6. Cover with food grade plastic or a damp towel and set aside to rise for 4 hours or until it is doubled. How long it ferments will help to determine how mild or sour it is. I prefer mine to be mild, so I am sure not to let it go much past this point.

7. Gently punch down and add 2 tsp. finely ground moist gray sea salt. Distribute while gently kneading. If possible, try to retain some of the existing air pockets. Shape the loaf into a fine loaf, tucking the bottom under with the palms of your hands to gain height of loaf. Note: This is the point also that you may wish to add any other ingredients or you may want to make different shapes of dough, such as a baguette.

8. Let rest for 5 minutes and further shape without flattening again. You just want to use gentle motions to add height. The gluten will soften slightly and better hold the shape you desire.

9. In a colander or proofing basket lined with a tea towel or linen cloth, sprinkle a few tablespoons of flour to prevent sticking (for best results, use 1/4 rice and 3/4 rye put through the “course” setting of your WonderMill grain mill), then gently place the loaf in the basket. Drape the ends of the towel over the dough and place colander in a plastic bag. Tie the bag loosely (be sure to leave room for the dough to expand). The plastic will prevent unwanted moisture loss.

10. Place bag in refrigerator overnight. **

11. At 6 am, or when you first get up, remove dough and open the plastic and the towel. (If your towel sticks, you may add a small amount of water to it. Never pull it off as you will flatten to top air pockets). Let it warm up for about 2-3 hours (or as long as you can wait : >)

12. 1 hour before you are ready to bake, place La Cloche in the oven and preheat at 450-500 degrees (450 for white flour, 500 degrees for wheat)

13. Just before you are ready to bake, invert the colander of dough onto a floured (rice/rye mixture again) pizza peel. Quickly and precisely score the loaf in an “X” or whatever design you wish. Be sure that your knife is sharp or you will flatten your air pockets. Or, you may wish to buy a bread scorer.

14. Immediately, open the oven. With a high temperature oven mitt, remove the top of the clay baker. Quickly slide the loaf into the baker and cover with the hot top. Close the oven.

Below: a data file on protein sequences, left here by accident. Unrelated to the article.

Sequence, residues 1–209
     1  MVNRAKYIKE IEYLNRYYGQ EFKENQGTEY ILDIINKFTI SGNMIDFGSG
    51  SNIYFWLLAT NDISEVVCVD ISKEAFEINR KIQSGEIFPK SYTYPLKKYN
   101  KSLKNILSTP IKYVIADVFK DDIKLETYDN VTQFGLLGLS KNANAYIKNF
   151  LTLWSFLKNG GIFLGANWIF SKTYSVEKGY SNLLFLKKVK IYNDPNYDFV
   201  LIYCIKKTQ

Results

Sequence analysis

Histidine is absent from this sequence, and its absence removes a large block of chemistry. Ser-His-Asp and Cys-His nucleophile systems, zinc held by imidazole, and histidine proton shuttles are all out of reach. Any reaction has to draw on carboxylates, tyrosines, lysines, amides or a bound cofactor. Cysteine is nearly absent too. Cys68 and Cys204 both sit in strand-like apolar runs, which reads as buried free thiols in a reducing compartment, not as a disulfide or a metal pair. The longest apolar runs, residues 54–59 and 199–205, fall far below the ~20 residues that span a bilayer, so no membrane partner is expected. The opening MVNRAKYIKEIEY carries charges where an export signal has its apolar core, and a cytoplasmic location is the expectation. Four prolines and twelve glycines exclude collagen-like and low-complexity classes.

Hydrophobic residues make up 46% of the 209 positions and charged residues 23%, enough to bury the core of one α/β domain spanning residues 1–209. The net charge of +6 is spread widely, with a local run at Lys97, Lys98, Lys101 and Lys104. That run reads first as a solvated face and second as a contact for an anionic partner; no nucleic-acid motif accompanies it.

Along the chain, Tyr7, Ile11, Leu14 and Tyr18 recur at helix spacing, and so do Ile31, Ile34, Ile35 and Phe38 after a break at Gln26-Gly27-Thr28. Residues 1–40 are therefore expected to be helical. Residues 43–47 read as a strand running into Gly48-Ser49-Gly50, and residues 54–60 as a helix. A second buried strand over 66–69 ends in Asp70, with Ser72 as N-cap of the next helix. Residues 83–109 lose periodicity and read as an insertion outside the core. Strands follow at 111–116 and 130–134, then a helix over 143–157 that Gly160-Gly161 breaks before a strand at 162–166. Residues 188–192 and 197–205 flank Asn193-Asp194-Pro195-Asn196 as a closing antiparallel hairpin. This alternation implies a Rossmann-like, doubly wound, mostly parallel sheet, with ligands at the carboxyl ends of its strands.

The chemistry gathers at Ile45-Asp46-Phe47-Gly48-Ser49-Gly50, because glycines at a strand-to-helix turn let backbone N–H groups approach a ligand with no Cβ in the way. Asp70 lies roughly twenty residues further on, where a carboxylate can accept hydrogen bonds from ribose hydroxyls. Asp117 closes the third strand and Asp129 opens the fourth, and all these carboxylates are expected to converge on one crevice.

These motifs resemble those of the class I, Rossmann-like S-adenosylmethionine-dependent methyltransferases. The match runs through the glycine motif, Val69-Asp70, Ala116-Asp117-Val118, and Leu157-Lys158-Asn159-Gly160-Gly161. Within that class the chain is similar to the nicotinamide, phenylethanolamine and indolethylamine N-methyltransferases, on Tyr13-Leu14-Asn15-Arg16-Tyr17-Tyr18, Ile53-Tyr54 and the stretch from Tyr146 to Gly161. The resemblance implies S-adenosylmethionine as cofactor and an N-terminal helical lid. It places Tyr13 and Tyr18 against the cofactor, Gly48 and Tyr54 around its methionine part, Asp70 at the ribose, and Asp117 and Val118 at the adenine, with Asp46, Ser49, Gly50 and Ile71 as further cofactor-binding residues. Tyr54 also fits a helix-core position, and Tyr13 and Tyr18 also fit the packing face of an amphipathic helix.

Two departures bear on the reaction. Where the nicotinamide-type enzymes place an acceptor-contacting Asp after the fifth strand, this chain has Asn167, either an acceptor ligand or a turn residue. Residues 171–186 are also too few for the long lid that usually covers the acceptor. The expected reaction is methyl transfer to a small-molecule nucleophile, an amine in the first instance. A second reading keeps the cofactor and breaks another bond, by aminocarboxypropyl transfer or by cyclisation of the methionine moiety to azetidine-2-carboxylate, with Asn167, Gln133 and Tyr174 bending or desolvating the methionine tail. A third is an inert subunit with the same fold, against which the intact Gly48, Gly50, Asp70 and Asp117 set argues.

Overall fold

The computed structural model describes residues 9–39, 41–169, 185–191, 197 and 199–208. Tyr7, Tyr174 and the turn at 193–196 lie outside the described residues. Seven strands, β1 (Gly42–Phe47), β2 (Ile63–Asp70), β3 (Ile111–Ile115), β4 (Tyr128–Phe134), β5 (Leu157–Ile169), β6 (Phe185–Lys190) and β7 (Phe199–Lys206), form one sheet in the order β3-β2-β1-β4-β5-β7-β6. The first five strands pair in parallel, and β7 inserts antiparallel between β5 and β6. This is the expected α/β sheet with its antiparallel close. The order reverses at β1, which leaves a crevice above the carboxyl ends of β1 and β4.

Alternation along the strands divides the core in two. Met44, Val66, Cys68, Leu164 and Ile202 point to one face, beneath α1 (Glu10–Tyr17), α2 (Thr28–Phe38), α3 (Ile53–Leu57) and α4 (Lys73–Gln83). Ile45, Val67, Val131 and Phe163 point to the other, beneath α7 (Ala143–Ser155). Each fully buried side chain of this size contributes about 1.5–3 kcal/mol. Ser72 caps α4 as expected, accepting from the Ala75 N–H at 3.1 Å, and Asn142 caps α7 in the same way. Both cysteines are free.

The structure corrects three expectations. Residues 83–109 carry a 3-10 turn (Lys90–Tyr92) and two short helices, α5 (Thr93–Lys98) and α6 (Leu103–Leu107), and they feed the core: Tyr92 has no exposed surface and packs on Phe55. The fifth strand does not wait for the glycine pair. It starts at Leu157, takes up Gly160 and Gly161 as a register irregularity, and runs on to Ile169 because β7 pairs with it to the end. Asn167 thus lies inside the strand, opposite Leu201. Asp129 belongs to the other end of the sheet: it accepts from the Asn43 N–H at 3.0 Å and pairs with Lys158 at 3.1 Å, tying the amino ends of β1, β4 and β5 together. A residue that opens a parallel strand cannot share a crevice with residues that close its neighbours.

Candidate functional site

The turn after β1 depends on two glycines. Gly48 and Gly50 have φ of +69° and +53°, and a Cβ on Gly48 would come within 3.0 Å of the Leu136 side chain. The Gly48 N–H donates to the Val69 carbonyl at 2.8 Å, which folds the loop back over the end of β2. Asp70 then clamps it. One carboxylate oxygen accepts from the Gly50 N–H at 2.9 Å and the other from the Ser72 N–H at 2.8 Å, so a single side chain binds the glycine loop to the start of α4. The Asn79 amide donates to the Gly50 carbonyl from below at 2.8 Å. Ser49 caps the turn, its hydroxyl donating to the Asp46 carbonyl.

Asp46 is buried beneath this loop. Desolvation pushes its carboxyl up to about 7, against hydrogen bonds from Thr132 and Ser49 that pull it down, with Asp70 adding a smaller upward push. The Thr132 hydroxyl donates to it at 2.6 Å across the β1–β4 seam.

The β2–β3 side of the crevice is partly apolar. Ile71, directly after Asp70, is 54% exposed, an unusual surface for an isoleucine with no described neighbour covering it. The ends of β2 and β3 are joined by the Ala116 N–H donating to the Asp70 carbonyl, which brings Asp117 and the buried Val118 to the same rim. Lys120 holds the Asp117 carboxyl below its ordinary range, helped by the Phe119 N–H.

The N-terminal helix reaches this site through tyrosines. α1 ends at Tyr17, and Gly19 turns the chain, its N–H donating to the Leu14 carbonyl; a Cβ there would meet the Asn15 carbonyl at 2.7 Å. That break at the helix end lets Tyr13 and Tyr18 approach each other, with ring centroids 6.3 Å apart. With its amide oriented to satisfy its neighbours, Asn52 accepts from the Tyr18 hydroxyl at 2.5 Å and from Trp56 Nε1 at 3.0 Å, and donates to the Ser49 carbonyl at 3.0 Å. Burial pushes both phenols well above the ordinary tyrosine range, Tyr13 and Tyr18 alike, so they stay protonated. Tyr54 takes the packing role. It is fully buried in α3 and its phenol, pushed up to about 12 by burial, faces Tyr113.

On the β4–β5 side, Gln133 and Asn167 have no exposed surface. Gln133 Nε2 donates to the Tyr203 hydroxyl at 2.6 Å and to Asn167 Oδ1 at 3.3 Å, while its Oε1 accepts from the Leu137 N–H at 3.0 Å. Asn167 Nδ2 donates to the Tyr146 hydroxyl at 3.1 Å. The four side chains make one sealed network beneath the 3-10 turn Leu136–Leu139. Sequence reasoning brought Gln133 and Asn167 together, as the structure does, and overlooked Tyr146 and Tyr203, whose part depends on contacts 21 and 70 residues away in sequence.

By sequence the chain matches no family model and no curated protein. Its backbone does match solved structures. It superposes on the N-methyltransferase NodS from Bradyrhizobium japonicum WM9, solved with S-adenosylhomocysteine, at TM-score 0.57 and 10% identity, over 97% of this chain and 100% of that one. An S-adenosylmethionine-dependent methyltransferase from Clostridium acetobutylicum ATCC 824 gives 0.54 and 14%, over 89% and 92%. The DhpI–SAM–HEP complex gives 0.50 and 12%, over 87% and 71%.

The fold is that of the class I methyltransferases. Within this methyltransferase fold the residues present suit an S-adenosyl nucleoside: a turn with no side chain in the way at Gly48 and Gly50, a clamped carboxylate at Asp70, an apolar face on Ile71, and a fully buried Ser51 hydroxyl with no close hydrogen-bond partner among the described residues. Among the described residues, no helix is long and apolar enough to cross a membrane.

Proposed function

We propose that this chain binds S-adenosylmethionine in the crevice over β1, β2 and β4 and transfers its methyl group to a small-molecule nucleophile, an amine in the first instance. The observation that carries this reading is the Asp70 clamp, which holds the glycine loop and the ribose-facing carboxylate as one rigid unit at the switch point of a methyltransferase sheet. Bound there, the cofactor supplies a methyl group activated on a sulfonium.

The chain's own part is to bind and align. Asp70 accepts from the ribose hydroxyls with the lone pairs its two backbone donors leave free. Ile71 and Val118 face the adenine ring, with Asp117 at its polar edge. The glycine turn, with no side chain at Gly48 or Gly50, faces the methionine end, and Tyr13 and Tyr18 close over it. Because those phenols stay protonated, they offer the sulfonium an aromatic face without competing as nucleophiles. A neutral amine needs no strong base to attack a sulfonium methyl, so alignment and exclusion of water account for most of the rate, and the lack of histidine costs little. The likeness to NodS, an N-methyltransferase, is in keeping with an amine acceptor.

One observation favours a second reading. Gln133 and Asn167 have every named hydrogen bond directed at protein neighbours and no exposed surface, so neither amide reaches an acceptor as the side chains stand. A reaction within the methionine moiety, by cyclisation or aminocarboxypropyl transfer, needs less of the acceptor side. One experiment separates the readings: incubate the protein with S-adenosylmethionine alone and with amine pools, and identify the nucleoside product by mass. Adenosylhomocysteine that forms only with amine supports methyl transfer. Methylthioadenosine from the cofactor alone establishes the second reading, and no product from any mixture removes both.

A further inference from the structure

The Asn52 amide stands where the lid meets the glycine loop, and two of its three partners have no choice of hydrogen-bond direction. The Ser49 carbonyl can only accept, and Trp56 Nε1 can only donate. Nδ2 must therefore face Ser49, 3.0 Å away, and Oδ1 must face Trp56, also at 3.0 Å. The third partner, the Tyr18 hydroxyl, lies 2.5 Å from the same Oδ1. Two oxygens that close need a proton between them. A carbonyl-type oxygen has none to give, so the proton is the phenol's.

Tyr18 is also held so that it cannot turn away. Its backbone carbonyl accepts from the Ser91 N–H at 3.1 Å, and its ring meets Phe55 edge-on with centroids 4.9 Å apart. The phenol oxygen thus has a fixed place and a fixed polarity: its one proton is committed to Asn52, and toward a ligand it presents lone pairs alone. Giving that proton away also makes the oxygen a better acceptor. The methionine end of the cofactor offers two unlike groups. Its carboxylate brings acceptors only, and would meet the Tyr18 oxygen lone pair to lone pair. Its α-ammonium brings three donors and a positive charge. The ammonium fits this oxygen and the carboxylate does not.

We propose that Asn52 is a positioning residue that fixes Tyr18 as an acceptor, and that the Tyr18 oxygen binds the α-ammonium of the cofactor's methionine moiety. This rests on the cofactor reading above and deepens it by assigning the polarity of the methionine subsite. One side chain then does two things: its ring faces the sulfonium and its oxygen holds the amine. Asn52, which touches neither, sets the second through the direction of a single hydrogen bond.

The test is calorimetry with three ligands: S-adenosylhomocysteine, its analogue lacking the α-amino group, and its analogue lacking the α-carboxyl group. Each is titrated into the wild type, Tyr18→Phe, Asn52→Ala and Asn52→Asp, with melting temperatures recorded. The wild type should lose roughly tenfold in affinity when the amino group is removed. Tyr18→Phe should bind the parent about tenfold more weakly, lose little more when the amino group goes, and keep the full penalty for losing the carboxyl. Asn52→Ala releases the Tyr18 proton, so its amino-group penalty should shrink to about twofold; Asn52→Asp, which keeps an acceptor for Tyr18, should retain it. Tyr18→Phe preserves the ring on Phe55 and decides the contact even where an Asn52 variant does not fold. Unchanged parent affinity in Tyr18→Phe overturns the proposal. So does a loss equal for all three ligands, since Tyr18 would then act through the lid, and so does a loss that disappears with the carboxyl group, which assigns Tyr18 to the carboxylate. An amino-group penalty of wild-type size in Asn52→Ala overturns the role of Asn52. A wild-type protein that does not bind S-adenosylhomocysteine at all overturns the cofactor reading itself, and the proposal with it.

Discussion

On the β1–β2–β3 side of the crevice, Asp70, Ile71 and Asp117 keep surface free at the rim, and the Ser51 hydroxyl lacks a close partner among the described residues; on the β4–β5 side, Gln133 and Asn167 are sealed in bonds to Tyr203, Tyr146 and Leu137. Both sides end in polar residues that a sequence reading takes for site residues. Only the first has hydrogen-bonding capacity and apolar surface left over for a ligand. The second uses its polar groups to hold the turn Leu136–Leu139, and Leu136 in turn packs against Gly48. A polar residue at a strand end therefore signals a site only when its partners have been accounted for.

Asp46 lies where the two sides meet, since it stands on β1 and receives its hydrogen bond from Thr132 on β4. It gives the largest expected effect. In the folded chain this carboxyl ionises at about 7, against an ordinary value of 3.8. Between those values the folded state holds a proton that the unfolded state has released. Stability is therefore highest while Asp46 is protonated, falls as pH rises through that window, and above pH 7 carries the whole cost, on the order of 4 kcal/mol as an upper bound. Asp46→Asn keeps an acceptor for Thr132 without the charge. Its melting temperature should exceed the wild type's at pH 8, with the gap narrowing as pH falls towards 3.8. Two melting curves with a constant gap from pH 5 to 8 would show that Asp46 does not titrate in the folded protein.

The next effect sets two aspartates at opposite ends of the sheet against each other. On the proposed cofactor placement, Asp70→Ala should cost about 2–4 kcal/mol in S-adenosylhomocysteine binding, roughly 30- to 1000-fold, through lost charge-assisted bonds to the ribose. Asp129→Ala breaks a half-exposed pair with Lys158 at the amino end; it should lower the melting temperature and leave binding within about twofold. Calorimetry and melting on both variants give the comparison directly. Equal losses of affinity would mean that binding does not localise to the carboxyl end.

15. Bake for about 30-35 minutes.

16. Once done, remove the bread (I leave the clay in the oven to cool down slowly to avoid cracking) and place bread on a cooling rack so that air can circulate under as well. Now, here’s the hard part…let it cool for at least three hours or longer. The baking process actually continues as it cools down even though it is not in the oven any more. If you cut too soon, it will appear “gummy” or sticky and you will loose some of the desired air pockets.

17. Slice and enjoy with lots of raw butter and/or honey or arrowroot fruit jam.

18. Repeat…Repeat…Repeat.

At first it may seem strange and cumbersome, but in time, you will form a rhythm that feels natural and your family and friends will love the bread!

Another note of encouragement…I have had MANY “bad” batches of dough (as my husband can attest to!) There have been bricks that would have made better bombs than food. But, like any art, it’s worth the effort to persevere. Remember, people have been making bread for over 4,000 years, and even today bakers are learning new things with the advent of refrigeration and climate control. If you are like most people, it may take some time. Stay with it and you will be rewarded!

*A note on keeping fresh starter: Starter can be keep in the fridge or the counter. You will want to feed it once or twice per week if it’s in the fridge. If it’s on the counter top, once a day will do, or even twice (if the temperature is warm..say, above 74 degrees..) It is alive and it will get sour if it goes too long without food. If this happens, simply discard all but a 1/2 cup and start adding flour and water again. I usually add 1 cup water and 1 cup flour to feed it.

** You can also make this in 8 hours, skipping the overnight fermentation. Just follow steps 1-9, then leave out for 4 hours on the counter top, then proceed to step 11. The taste will not be as developed, but it will still be good!

Posted in Bread.